An official statement on the future of Mac OS X Screencasts
I have come to a conclusion. This took me some time and it is really hard for me to type this. I wrote about letting go off things recently, and this is the result of this.
The new year has just started out and we are filled with new energy for the things that are ahead of us. Doing new things means that there needs to be room for them.
I am currently working on zCasting 3000. It is the job that I love to do. zCasting would never have been possible without Mac OS X Screencasts. I love doing screencasts, I love explaining things, I love teaching things, and I love to get taught. Three months ago I finally figured out where I want to take zCasting 3000. It took me the entire year to figure this out, it took me another two months to decide that’s really what I wanted, with all the negative thoughts that piled up in my head. Some weeks ago I decided to go for it.
Unfortunately this means I can’t continue to work on Mac OS X Screencasts. This has been a long time coming. Over the past year I rarely published any screencasts, because they just take so much time to produce. One video takes me about 4 days to produce from start to finish. The revenue is 01. You can imagine that I can’t continue afford living like that.
In the past year I’ve tried cutting down production time. I made a screencast on the new Keyboard Maestro Debugger. But I was just not happy with it.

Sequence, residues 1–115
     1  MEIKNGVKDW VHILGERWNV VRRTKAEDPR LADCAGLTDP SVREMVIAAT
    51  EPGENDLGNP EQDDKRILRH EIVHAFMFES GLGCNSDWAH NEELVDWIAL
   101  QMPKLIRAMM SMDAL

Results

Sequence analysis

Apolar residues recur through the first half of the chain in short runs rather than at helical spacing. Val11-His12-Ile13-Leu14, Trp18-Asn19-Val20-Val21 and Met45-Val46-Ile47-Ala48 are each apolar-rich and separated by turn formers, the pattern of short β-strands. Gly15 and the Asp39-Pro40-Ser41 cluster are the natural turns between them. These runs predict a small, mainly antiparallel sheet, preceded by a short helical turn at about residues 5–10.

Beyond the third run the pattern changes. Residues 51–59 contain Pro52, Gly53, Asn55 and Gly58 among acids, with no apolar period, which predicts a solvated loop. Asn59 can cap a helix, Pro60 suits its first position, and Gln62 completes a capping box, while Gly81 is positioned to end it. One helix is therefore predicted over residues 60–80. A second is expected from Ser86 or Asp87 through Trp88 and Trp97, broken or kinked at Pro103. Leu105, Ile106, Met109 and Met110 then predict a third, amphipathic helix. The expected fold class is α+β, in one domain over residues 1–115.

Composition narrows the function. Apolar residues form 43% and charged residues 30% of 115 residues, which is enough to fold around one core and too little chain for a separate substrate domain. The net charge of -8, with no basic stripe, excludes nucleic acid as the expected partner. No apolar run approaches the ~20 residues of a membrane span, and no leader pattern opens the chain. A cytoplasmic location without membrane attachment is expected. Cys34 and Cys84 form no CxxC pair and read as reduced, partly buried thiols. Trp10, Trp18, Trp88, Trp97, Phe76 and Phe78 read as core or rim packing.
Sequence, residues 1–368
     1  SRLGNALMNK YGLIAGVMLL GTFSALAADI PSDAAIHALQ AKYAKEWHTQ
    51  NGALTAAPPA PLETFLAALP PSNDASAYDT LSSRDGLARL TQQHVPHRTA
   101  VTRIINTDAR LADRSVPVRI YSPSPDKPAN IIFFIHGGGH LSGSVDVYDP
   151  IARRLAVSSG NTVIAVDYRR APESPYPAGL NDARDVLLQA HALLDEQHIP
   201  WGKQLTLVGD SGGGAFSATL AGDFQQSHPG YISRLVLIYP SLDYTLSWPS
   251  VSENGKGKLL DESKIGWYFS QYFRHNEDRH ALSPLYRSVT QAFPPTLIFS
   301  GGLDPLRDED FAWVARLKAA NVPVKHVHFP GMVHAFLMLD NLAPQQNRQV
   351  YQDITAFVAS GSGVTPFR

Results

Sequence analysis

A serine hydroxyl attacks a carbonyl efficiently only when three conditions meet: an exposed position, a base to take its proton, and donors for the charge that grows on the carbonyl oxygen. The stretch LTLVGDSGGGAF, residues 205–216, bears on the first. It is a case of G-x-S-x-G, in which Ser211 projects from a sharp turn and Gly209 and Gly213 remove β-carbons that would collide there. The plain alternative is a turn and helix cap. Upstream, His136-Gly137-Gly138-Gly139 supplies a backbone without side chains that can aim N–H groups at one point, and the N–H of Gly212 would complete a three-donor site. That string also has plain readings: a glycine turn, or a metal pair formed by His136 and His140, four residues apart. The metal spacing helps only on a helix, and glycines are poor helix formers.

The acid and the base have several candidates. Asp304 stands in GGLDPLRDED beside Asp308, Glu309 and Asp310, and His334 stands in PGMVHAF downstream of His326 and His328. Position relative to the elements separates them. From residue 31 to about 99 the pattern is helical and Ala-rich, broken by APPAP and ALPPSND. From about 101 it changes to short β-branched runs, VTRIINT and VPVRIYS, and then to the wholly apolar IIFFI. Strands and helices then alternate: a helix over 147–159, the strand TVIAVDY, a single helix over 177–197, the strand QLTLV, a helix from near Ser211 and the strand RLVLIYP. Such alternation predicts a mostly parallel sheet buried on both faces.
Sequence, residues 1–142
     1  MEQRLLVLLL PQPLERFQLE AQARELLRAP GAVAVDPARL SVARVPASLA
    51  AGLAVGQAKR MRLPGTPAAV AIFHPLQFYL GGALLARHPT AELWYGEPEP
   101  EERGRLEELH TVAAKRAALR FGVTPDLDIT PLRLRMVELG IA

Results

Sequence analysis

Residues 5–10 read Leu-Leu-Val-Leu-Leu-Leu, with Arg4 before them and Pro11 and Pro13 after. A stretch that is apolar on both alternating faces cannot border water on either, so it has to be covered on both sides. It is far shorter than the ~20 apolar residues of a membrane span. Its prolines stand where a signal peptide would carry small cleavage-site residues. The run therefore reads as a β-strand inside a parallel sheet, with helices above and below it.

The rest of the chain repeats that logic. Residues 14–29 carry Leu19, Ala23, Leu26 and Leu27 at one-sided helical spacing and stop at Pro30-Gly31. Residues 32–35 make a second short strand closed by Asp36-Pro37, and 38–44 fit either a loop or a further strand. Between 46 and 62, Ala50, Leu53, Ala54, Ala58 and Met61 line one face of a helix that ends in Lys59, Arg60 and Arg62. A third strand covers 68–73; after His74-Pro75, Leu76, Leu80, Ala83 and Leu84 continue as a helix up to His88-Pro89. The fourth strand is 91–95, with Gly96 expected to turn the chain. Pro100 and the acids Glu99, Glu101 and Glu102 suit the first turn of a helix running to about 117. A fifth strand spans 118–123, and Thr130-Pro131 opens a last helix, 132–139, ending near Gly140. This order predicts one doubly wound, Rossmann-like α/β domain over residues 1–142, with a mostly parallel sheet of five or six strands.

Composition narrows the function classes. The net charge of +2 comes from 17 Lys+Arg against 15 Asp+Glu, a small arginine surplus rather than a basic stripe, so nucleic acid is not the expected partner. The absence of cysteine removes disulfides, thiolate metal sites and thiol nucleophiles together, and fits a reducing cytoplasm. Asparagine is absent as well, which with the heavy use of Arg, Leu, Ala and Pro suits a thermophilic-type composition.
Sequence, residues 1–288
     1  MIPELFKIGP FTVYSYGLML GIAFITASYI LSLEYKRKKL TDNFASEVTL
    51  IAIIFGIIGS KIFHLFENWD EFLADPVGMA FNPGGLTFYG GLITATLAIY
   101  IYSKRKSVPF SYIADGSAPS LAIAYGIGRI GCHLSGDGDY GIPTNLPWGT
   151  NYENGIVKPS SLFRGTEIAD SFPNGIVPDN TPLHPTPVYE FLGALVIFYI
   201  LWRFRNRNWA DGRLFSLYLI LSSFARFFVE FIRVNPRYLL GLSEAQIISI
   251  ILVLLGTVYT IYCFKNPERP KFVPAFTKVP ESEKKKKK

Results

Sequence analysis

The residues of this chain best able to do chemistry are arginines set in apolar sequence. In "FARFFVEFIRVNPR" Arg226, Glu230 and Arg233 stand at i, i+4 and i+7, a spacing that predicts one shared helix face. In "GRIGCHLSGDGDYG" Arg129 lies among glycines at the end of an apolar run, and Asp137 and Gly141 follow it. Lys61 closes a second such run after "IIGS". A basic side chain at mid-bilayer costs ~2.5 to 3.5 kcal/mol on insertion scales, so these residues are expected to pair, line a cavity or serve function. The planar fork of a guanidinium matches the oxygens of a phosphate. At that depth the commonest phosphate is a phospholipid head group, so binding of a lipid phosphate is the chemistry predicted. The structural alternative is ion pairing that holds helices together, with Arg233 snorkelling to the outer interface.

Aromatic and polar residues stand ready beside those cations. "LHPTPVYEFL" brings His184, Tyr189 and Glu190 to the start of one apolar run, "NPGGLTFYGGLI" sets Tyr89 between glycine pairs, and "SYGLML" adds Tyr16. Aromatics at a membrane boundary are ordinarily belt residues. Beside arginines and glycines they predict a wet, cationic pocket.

Let me tell you about the other things that were going on in the back so that you see that things weren’t standing still behind the scenes.
At the beginning of 2013 I wanted to work on an Alfred tutorial. I prepared for it, and when I was actually going to record, I was told I can’t start. Obviously I was trying to clarify things beforehand, before I booked people, but for some reason the communication wasn’t clear enough. I didn’t take on new projects so that I can fully concentrate on this project for two months. You can imagine how unfortunate it was to hear that all the money and time I invested were going out the window.
I didn’t know what else to do other than working on a reboot of Mac OS X Screencasts. I wanted to start afresh. I wanted a new look and feel for it. The old days where the website was mainly black were soon to be gone; so I thought. We started working on the site and were almost finished in March. Almost means that some technical difficulties prevented us from continuing the work. These weren’t resolved until June or July or so. Part of the reason I couldn’t concentrate was a split up with my 4-year girlfriend. I had to move out of our flat and find a new one quickly. You can imagine what a seamless transition this was. I had no time and energy at hand to push Mac OS X Screencasts forward.
Finally when things settled in I was able to get the content moved.
At the beginning of last year I decided that my big goal of 2013 should be to make zCasting 3000 a real company. This was sitting in my head for the entire year. Because of this I was unable to focus on MOSX and lead the reboot. It was just not important enough. The new thing was so much bigger and more interesting.